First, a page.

Across the country, fresh-faced medical students are arriving at hospitals this month, ready to start their residency training. And for the first time, one group says it’s compiled a list of duties that every new doctor should be able to perform on the first day, regardless of his or her specialty.

Earlier this year, the Association of American Medical Colleges released a new guide, highlighting 13 skills that every hospital should expect their residents to be able to perform from the start. Those include skills that aren’t always taught in medical school — which are, nonetheless, critical in today’s evolving health care environment — such as collaborating as a member of an interprofessional team and identifying system failures, says Robert Englander, M.D., senior director of competency-based learning and assessment.

The association first embarked on this process early last year, he tells me, after hearing concerns that there’s a gap between what’s expected of residents and how they actually perform in the field.

"That’s really why we went after this — to try and clearly state what the expectations are, and then to figure out, over the next several years, how we get all of the students to that point of entrustment on these 13 activities," Englander says.

Improving patient safety was a key driver in formulating the list, the AAMC highlighted in an announcement last month, ahead of the start of residency programs in July. Every student now entering your hospital should be able to:

  1. Gather a history and perform a physical examination.
  2. Prioritize a differential diagnosis following a clinical encounter.
  3. Recommend and interpret common diagnostic and screening tests.
  4. Enter and discuss orders and prescriptions.
  5. Document a clinical encounter in the patient record.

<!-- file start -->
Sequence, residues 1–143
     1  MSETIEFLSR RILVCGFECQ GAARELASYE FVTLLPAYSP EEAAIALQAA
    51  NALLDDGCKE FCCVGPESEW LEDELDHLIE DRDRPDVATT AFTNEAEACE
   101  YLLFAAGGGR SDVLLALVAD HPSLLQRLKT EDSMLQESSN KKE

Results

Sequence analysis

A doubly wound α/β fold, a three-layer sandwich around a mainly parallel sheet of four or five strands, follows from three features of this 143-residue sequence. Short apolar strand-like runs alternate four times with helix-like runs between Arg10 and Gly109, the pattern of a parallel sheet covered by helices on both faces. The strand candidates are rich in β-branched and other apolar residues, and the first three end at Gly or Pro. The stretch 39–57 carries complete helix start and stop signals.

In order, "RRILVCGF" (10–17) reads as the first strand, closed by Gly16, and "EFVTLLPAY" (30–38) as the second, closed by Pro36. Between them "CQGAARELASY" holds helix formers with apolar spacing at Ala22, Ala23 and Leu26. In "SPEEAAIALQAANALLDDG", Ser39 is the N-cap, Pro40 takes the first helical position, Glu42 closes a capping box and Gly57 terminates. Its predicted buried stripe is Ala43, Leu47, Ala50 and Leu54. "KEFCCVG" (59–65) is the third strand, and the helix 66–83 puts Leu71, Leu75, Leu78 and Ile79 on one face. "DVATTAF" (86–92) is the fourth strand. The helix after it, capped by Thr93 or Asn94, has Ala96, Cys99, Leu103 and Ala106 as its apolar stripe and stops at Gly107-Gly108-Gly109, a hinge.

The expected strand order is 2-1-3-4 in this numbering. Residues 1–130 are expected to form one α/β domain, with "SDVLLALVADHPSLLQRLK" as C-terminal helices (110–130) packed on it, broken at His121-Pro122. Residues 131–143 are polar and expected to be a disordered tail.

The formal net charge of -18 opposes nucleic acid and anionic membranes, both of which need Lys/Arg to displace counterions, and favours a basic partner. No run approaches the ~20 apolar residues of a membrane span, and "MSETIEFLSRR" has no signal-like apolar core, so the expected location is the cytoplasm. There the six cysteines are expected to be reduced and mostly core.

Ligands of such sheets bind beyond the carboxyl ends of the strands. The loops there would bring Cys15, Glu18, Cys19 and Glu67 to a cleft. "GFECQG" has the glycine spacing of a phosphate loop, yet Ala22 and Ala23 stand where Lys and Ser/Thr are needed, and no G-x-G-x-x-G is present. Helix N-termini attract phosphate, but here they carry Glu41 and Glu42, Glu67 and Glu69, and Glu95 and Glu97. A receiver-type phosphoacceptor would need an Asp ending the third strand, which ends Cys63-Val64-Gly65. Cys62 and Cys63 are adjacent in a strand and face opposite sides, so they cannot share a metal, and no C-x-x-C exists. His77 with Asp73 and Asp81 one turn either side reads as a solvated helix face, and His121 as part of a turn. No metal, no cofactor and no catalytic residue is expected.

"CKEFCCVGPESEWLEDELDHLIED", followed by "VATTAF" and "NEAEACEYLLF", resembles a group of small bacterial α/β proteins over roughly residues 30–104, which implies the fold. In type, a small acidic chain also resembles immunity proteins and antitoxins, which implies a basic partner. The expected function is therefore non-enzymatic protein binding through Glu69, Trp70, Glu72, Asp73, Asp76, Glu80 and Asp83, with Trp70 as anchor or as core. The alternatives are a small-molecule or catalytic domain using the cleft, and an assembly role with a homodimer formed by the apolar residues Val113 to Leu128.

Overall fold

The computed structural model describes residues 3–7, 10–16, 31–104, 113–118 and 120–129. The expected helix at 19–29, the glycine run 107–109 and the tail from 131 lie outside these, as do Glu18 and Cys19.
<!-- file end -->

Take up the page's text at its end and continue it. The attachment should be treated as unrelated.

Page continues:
6. Provide an oral presentation of a clinical encounter.
  7. Form clinical questions and retrieve evidence to advance patient care.
  8. Give or receive a patient handover to transition care responsibility.
  9. Collaborate as a member of an interprofessional team.
  10. Recognize a patient who requires urgent or emergent care and initiate evaluation and management.
  11. Obtain informed consent for tests and procedures.
  12. Perform general procedures of a physician.
  13. Identify system failures and contribute to a culture of safety and improvement.

Englander says that the association now plans to start asking residency program directors how well prepared for these duties their residents were on their first days. Eventually, they’ll establish a baseline measure, and follow it over the years as hospitals and other care sites implement the guidelines. The association is also working with five medical schools to work backward, he says, developing curricula that prepares students for residency. Many med schools and specialty programs already have their own specific graduation requirements. But the AAMC hopes their guide finally provides a definitive list that applies to every newly minted M.D.

For hospital leaders, this is a chance to mold the doctors-in-training who will eventually shape the future of health care, Englander says.

"For the CEOs and the hospital folks who run most of these residency programs, this is an exciting opportunity for them," he says. "Our goal, ultimately, is to produce entering residents who are better prepared to do the tasks or activities of residency, without direct supervision. To me, that’s the major takeaway."